Thank you so much for this post! It is SO nice to read about this in a framing that is inspiring/positive - I think it's unavoidable and not wrong that we often focus on criticism and problem description in relation to diversity/equality issues but that can also make it difficult and uninspiring to work with improvement. I love the framing you have here!

For me Magnify has been super important to balance my idea of what kind of people the EA movement consists of and to feel more at home in the community!

Thanks for this! I've been thinking quite a bit about this (see some previous posts) and there is a bit of an emerging EA/metascience community, would be happy to chat if you're interested!

Some specific comments:

In consequence, a possible solution is some kind of coordinated action by scientists (or universities) to decline being referees for high-fee journals.

Could you elaborate the change in the system you envision as a result of something like this? My current thinking (but very open to being convinced otherwise) is that lower fees to access publications wouldn't really change anything fundamental about what science is being done, which makes it seem like a lot of work for limited gains?

I agree with him that we need to split up work. Some people like, enjoy, and are better at teaching. Others, at doing research. I really don’t think one should be requested to do everything. In addition, dedicated science evaluators might help a lot with replication problems, referee quality, and speed…

I think there is something here - I think it could be valuable to have more diverse career paths that would allow people to build on their strengths, rather than just having tasks depending on seniority. It also seems like something where it's not necessary to design one perfect system, but rather that different institutions could work with different models (just like different private companies work with different models of recruitment and internal career paths). I think it would be very interesting if someone would do (have done?) an overview of how this looks today globally, perhaps there are already some institutions that have quite different ways of allocating tasks?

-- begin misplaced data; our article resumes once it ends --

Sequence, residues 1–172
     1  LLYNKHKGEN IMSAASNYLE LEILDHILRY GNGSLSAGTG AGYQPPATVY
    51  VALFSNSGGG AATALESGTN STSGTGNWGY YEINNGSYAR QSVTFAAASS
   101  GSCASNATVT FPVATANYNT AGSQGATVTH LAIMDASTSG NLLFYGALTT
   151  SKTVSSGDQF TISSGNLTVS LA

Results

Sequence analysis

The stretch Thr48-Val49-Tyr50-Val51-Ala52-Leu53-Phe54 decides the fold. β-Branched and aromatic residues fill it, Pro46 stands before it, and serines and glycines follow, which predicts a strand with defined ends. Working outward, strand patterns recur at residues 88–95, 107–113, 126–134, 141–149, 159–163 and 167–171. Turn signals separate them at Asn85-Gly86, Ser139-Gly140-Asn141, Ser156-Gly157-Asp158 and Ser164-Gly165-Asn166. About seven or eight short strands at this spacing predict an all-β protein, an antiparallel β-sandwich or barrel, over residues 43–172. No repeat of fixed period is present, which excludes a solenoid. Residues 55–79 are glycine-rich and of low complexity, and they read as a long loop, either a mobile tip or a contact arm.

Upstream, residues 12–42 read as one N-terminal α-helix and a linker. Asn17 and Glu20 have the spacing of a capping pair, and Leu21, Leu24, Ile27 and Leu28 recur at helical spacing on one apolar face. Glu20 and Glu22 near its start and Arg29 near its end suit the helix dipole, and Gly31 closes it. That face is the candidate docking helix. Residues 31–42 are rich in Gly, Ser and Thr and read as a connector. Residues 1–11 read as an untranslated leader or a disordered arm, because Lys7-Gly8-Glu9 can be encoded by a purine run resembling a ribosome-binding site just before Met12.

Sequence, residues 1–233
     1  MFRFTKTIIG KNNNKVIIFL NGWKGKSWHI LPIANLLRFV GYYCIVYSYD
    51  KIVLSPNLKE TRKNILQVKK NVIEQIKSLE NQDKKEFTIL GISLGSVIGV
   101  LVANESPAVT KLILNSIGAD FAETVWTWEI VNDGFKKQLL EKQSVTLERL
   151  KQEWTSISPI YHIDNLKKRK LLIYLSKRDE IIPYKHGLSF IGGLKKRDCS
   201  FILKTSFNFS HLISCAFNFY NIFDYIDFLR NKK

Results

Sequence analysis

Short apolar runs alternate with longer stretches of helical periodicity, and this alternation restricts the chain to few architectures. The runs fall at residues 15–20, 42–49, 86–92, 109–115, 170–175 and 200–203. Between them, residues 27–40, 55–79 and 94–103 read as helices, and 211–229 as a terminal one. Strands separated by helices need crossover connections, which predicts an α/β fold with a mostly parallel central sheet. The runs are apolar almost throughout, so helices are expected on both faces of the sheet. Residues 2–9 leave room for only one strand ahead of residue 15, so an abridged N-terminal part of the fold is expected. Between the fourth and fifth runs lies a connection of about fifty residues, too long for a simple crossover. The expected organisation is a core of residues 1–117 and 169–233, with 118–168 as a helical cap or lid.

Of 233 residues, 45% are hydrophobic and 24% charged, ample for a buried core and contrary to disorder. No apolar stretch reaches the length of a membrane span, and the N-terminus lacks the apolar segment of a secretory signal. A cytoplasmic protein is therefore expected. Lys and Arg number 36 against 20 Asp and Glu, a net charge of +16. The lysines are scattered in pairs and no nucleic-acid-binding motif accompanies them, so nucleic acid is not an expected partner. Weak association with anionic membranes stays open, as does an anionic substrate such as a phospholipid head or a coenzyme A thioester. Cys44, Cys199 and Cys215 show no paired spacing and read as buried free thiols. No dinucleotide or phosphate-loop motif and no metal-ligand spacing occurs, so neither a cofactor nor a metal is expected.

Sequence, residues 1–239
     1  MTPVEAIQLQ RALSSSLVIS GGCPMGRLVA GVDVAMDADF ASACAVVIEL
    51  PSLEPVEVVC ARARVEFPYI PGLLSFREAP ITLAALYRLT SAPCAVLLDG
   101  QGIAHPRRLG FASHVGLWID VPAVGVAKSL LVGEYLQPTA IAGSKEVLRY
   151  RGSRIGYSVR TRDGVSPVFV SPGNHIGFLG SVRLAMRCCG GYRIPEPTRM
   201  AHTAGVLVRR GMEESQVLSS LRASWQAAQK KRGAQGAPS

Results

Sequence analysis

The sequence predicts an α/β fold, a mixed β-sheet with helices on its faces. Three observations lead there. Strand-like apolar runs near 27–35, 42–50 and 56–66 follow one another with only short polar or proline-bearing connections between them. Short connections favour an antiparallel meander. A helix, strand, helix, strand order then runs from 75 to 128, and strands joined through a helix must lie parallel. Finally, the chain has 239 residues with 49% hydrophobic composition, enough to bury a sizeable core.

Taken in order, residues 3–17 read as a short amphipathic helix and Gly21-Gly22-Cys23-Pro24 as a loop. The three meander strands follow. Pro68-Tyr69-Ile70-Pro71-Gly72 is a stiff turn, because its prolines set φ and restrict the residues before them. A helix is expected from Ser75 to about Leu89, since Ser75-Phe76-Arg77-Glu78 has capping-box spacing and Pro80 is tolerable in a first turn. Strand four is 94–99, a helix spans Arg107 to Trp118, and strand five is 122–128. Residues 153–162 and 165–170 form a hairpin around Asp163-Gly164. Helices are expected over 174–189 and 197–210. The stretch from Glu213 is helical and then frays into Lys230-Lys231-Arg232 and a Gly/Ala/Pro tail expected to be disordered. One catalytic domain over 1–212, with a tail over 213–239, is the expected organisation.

My crux here would be that even though I think this has a potential to make research much more enjoyable to a broader group, it's a bit unclear if it would actually lead to better science being done. I want to think that it would, but I can't really make a strong argument for it. I do think efficiency would increase, but I'm not sure we'd work on more important questions or do work of higher quality because of it (though we might!).

this is probably a consequence of too many people enjoying doing science with respect to the number of available research jobs

You could be right, but it's not obvious to me. I have the impression a lot of people doing science are finding it quite hard and not very enjoyable, especially on junior levels.  It would be very interesting to know more about what attracts people to science careers, and what reasons for staying are - I think it's very possible that status/being in a completely academic social context that makes other career paths abstract plays an important role. Anecdotally, I dropped out of a phd position after one year, and even though I really didn't enjoy it dropping out felt like a huge failure at the time in a way that voluntarily quitting a "normal" job would not.